Despite a significant drop off in active users, the popularity of Pokémon Go is continuing to attract scammers looking to exploit users in search of a leg up, and recently researchers have spotted scams spreading into social media and fake apps.
Of the 543 social media accounts Proofpoint researchers spotted that were related to Pokémon Go across Facebook, Twitter, and Tumblr platforms, 167 were fraudulent, according to a 7 Sept blog post.
Researchers found that 44 of the accounts contained links to download files, many of which purporting to be game guides, 79 were imposter accounts, and 21 of the accounts promised “free giveaways.”
The accounts offering downloads affected both mobile and desktop platforms and delivered adware, malware or software different that what was advertised. Some of the accounts also redirected users to install Android APKs which happened to be malware, the post said.
Many of the accounts distributing these third party applications are readily available via search on social networks and while some of the accounts may use social engineering to entice players to download malicious content, more often they just pretend to be legitimate, Proofpoint vice president of mobile security Dave Jevans told SCMagazine.com via email comments.
“This isn't so much a matter of gullibility as ignorance of the potential threat and eagerness to get ahead in the game,” Jevans said. “Few of these accounts have big red flags aside from language issues, but the target demographic for Pokémon Go isn't sensitised to social media and mobile app threats.”
Jevans said fraudulent accounts and app store downloads were detected in many regions.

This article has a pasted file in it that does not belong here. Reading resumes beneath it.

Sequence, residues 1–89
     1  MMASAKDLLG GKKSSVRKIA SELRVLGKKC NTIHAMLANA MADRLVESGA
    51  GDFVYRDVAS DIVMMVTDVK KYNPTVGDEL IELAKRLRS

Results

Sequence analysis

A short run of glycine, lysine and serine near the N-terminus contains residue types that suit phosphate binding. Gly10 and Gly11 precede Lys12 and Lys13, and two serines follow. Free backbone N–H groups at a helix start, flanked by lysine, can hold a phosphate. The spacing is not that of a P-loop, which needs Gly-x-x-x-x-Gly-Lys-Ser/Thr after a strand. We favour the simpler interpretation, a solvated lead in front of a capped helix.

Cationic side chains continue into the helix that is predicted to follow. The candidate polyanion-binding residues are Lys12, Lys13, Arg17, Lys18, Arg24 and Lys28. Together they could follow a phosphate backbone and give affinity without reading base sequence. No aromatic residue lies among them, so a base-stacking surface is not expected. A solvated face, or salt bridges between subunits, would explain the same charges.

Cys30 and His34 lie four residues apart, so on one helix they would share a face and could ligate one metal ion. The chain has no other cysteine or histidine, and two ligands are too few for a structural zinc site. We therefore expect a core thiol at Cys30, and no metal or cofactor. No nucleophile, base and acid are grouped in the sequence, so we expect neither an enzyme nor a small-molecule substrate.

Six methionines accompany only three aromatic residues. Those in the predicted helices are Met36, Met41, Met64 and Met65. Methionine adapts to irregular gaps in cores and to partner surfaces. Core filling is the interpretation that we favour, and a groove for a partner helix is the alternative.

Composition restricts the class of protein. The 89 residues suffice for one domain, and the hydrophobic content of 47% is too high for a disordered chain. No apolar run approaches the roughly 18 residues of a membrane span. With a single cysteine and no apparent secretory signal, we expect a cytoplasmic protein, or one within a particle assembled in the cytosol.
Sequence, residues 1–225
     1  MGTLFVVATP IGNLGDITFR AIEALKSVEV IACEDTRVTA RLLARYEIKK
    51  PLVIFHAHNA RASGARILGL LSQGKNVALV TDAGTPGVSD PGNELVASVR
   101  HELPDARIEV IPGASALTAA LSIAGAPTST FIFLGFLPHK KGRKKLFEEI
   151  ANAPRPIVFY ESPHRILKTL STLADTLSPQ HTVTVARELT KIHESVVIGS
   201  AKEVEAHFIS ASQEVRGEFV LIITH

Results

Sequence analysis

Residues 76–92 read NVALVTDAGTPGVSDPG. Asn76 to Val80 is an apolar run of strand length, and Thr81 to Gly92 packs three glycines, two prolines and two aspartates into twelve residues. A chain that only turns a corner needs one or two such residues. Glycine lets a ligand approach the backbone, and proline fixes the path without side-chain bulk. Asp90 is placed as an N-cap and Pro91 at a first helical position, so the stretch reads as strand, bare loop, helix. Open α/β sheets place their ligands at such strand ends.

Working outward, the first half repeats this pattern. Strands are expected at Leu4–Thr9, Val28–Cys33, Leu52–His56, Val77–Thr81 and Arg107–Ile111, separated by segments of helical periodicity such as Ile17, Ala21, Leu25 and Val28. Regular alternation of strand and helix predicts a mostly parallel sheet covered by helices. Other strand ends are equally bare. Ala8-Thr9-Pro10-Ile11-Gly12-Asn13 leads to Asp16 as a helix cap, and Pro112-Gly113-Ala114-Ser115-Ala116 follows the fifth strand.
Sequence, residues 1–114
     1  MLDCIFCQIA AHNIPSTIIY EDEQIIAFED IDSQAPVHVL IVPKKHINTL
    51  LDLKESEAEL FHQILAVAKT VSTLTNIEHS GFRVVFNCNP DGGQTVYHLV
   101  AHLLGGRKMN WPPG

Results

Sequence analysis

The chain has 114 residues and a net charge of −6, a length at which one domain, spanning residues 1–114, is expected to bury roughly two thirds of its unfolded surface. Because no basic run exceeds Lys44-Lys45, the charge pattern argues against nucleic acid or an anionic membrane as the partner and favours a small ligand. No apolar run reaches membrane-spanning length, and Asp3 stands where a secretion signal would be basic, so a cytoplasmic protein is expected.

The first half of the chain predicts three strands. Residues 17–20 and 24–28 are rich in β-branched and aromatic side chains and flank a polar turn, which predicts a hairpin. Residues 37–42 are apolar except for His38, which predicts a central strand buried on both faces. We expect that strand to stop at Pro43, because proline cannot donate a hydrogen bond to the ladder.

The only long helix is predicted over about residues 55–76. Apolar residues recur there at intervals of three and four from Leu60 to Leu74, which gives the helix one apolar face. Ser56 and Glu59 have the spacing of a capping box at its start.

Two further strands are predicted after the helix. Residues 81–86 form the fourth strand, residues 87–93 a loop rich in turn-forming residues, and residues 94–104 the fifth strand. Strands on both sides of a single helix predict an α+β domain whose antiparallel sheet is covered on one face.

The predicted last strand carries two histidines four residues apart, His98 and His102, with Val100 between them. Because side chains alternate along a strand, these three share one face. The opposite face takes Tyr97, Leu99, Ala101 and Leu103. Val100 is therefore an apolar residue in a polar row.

In addition to the fraudulent social media accounts, Malwarebytes researchers spotted a new mobile trojan which uses the game's icon as bait to lure users into downloading the malicious app.
The trojan uses the same package name and icon as the creature-catching game, making it more difficult for users to differentiate the fake application from the real one, according to a 5 Sept. Malwarebytes post.
The malicious app requests admin rights once installed, if permission is granted the app will immediately redirect users to random destinations such as phony dating sites designed to entice users to divulge personal information. Other destinations included sweepstakes claiming the victim has won prizes, survey, and other phishing pages.
Despite the frequency of Pokémon Go related malware and phony content designed to exploit users, a Niantic spokesperson told SCMagazine.com it is fairly easy to avoid becoming infected.
“Do not install any apps related to Pokémon GO that come from any organisations other than Niantic or The Pokémon Company,” the spokesperson said via emailed comments.
Pokémon Go isn't the first mobile application to provide a hacker entry point and almost any type of malware can be disguised as an add-on to Pokémon Go, or even as Pokémon Go itself, DriveSavers Director of Engineering Mike Cobb told SCMagazine.com via emailed comments.
“Earlier this year, a security firm found that between 75 and 80 percent of the top free apps on Android or iPhones were breached,” Cobb said. “This number increases to 97 percent among the top paid apps, like Pokémon Go.”
Cobb said users should always make sure they are downloading the correct app and should always pay attention to the permissions that applications request when downloading to ensure the application isn't requesting more than it actually needs.